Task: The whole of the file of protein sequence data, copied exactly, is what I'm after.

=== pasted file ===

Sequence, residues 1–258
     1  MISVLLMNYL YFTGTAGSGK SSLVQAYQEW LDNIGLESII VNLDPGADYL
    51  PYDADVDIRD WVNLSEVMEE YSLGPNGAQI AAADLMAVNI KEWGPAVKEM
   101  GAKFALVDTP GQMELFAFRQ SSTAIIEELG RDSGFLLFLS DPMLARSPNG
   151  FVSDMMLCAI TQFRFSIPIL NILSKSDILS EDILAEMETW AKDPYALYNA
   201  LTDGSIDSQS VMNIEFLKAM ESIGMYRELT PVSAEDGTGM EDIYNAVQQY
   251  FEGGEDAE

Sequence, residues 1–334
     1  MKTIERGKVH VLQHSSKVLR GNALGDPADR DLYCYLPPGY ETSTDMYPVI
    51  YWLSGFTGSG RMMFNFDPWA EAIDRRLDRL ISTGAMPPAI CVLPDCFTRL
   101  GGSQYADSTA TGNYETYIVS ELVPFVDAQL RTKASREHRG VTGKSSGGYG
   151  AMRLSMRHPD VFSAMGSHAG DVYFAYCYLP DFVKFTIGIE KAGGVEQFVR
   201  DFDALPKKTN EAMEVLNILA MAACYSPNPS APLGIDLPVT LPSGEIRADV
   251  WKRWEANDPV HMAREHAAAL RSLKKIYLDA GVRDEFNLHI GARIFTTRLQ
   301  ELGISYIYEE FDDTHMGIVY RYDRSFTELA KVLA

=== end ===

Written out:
Sequence, residues 1–258
     1  MISVLLMNYL YFTGTAGSGK SSLVQAYQEW LDNIGLESII VNLDPGADYL
    51  PYDADVDIRD WVNLSEVMEE YSLGPNGAQI AAADLMAVNI KEWGPAVKEM
   101  GAKFALVDTP GQMELFAFRQ SSTAIIEELG RDSGFLLFLS DPMLARSPNG
   151  FVSDMMLCAI TQFRFSIPIL NILSKSDILS EDILAEMETW AKDPYALYNA
   201  LTDGSIDSQS VMNIEFLKAM ESIGMYRELT PVSAEDGTGM EDIYNAVQQY
   251  FEGGEDAE

Sequence, residues 1–334
     1  MKTIERGKVH VLQHSSKVLR GNALGDPADR DLYCYLPPGY ETSTDMYPVI
    51  YWLSGFTGSG RMMFNFDPWA EAIDRRLDRL ISTGAMPPAI CVLPDCFTRL
   101  GGSQYADSTA TGNYETYIVS ELVPFVDAQL RTKASREHRG VTGKSSGGYG
   151  AMRLSMRHPD VFSAMGSHAG DVYFAYCYLP DFVKFTIGIE KAGGVEQFVR
   201  DFDALPKKTN EAMEVLNILA MAACYSPNPS APLGIDLPVT LPSGEIRADV
   251  WKRWEANDPV HMAREHAAAL RSLKKIYLDA GVRDEFNLHI GARIFTTRLQ
   301  ELGISYIYEE FDDTHMGIVY RYDRSFTELA KVLA